On Wednesday the asteroid Apophis will make its closest approach to the Earth for quite a while. No need to drag out your end of the world kits (carefully tucked away after the Mayan apocalypse failed to eventuate), it will pass at a distance almost a tenth of that to the sun. So not close at all really.
The reason this matters is that there remains a small but real possibility that Apophis could be on a collision course for the Earth in 2036. Detailed information about its orbit collected this time may rule out such an event, or suggest the chances are high enough we need to take action.
Apophis is not large enough to wreck destruction on the scale of the “dinosaur killer”, but it could be pretty nasty if it landed on your city. In the more likely event it hit the ocean you’d want to be inland. Well inland.
One good thing about this particular asteroid is it will make a very close approach years before. This 2029 approach is the main reason for its fame, as for a while what we knew of its orbit suggested there was an almost 3% chance of a collision on April 13 (yes, a Friday). Extra data ruled that out, but left the 2036, and some later close encounters, as open possibilities for a close encounter of the unfortunate kind. The 2029 event will not only give an impressive view to those living around the North Atlantic, it will also provide an opportunity for us to send up space ships to either study Apophis, or persuade it to change orbits if the danger from subsequent events looks substantial.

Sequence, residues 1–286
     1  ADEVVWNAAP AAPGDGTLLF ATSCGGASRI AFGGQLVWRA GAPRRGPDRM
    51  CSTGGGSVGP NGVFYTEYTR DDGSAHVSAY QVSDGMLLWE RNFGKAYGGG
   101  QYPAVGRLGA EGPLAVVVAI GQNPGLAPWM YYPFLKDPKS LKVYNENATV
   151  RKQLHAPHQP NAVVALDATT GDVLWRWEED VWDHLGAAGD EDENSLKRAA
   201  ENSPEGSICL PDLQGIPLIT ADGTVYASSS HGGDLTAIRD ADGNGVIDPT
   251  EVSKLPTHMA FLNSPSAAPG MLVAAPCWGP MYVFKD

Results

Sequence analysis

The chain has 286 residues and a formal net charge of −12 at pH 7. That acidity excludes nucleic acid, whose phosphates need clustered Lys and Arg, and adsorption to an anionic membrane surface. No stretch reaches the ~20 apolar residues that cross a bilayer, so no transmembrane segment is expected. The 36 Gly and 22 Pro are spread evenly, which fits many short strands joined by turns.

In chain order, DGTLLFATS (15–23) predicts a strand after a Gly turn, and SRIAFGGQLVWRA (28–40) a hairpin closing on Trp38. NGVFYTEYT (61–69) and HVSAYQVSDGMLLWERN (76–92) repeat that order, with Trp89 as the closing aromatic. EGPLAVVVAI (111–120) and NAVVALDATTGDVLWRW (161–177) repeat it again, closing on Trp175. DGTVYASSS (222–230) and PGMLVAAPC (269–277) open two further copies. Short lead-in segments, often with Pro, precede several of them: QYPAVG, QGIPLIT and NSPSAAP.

I’ve got a particular interest in this little pile of space rock because one of “my” scientists, Mary D’Souza, won a prize for coming up with the most innovative and practical idea on how to change Apophis’ orbit should we discover this is required. Not a bad achievement for a PhD student, as she was at the time. But if you want to know her idea you’ll have to read the book.